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I want to version control my Flex application with SVN. What should I include and what should I ignore?

Thanks in advance

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4 Answers 4

up vote 5 down vote accepted

I'm only ignoring the .settings directory.

You should view the source of the project files (.actionScriptProperties, .flexProperties, .project) and decide whether you or your team need their settings on a clean checkout or not.

If you put these files under version control, then you should avoid workstation specific directories in your settings (Flex Server Settings) and substitute them with path variables.

This for example is the content of my .flexProperties file:

<?xml version="1.0" encoding="UTF-8" standalone="no"?>
    enableServiceManager="false" flexServerFeatures="4" flexServerType="2" 
    toolCompile="true" useServerFlexSDK="false" version="1"/>
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Agree. bin-debug and bin-release are the first ones to ignore.

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IMHO you can ignore:

  • .settings
  • .FlexUnitSettings
  • html-template (could be generated)
  • .actionScriptProperties
  • .flexProject
  • .project
  • .sourceMate (or whatever plugin you have)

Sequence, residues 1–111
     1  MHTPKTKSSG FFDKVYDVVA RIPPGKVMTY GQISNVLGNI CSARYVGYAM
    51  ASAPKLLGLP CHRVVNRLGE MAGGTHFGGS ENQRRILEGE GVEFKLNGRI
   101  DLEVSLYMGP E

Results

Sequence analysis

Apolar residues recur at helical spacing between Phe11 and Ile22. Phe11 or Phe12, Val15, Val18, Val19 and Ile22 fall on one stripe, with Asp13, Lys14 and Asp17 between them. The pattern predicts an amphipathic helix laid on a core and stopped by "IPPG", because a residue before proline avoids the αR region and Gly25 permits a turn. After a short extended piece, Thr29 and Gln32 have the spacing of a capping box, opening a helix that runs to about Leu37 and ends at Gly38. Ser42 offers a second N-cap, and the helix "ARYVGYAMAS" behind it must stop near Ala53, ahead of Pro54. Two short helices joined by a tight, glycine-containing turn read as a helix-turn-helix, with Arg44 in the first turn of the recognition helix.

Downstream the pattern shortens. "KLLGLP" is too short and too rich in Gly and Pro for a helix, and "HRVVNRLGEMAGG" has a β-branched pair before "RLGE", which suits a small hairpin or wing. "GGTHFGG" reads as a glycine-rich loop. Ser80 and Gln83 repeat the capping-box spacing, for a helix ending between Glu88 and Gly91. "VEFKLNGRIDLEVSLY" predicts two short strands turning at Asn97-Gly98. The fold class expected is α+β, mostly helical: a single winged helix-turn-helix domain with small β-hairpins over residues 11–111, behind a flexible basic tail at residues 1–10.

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You can't ignore .flexProject, .project and .actionScriptProperties, these are project settings. You can ignore bin-debug and bin-release to avoid litter repository. –  alxx Nov 10 '10 at 13:49
you can ignore these settings but it's your decision. If another developer has another project configuration it will overwrite your config every time he pushs something. bin-debug and bin-release is a good point. I don't listed them as they are note in my project folders. –  hering Nov 11 '10 at 9:32
Different config are problematic indeed. But if you don't commit these settings at all, project can't be built after checkout from scratch. –  alxx Nov 11 '10 at 10:39
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I actually keep everything other than source code out of SVN.

My project in FB thats linked to SVN has no project information attached at all (It's just a project), I have a second project that I keep locally which IS a Flex / AIR project which just links to the source in my controlled project.

Not only does this mean I don't run the risk of checking in generated files, .* files, etc. It means I can keep a different set up from other members in my team.

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I use a similar approach, except I don't use two projects. I use a linked directory in one project and set that as the primary source directory; which is under source control. –  JeffryHouser Nov 10 '10 at 15:12
The only real reason for keeping it as a project is because we use Jupiter for our code reviews which means it needs to be a project. Jupiter's output gets stored in SVN, so it was a little white lie in my answer. If it wasn't for Jupiter, it wouldn't be a project at all. –  Gregor Kiddie Nov 10 '10 at 16:19
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